ANO5-muscular dystrophy: clinical, pathological and molecular findings

Authors


Correspondence: M. Milone, Department of Neurology, Mayo Clinic, 200 First Street SW, Rochester, MN, 55905, USA (tel.: +1 507 538 1037; fax: +507 284 4074; e-mail: Milone.Margherita@mayo.edu).

Abstract

Background and purpose

Anoctamin 5 (ANO5) is a putative intracellular calcium-activated chloride channel. Recessive mutations in ANO5 cause primary skeletal muscle disorders (limb-girdle muscular dystrophy 2L and distal muscular dystrophy), which are phenotypically similar to dysferlinopathy, a muscular dystrophy due to dysferlin-encoding gene (DYSF) mutations.

Methods

This study reports the phenotype and genotype of seven unrelated patients with ANO5-muscular dystrophy.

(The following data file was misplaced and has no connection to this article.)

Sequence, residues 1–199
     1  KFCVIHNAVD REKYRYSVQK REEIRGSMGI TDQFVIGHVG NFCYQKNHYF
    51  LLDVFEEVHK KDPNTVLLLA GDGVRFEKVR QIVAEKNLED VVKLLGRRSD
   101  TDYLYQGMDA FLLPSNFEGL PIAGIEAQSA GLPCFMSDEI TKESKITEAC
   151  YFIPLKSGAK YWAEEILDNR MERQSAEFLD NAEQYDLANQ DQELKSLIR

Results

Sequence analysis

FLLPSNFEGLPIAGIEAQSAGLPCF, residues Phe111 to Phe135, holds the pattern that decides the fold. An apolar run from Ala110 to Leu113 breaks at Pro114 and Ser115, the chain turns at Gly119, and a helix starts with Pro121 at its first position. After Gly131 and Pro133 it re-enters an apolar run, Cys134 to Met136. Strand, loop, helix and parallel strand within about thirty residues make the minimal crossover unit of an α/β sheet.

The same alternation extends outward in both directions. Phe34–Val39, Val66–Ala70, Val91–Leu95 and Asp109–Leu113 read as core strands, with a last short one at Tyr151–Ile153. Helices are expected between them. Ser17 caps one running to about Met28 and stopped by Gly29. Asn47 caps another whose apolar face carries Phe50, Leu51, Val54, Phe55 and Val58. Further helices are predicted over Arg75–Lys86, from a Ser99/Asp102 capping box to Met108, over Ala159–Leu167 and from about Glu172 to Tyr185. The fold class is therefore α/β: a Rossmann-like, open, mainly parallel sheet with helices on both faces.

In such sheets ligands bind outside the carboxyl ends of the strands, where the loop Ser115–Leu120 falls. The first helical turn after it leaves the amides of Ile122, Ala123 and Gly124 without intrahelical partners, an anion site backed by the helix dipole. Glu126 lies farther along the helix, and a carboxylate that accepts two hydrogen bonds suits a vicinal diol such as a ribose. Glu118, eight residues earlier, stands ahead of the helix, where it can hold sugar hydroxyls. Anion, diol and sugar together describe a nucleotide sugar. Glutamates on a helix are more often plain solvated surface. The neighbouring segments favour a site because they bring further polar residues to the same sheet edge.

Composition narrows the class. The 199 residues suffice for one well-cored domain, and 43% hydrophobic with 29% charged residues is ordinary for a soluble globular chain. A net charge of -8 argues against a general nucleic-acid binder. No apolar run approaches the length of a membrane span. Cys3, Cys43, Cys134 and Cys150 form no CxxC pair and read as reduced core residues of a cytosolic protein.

Results

Three patients had amyloid deposition in muscle and two had cardiac involvement. An additional patient without skeletal muscle amyloidosis had cardiac involvement with septal hypokinesis and supraventricular tachycardia requiring ablation. Amyloid subtyping using laser capture microdissection and mass spectrometry-based proteomic analysis did not identify ANO5 or any fragment of ANO5 in the amyloid deposits, but detected other known amyloidogenic proteins. Three patients had myotonic discharges without clinical myotonia. Four ANO5 mutations are novel, including a heterozygous 0.4 Mb deletion involving the entire ANO5 gene.

Conclusions

The results of the present study suggest that ANO5 mutations can be associated with amyloid deposition in muscle, but the nature of the amyloid deposits remains indeterminate, as does their relationship with cardiac involvement. ANO5 analysis should be considered in cases of muscle amyloid deposition of indeterminate etiology. Electrical myotonia can accompany ANO5-muscular dystrophy.

Ancillary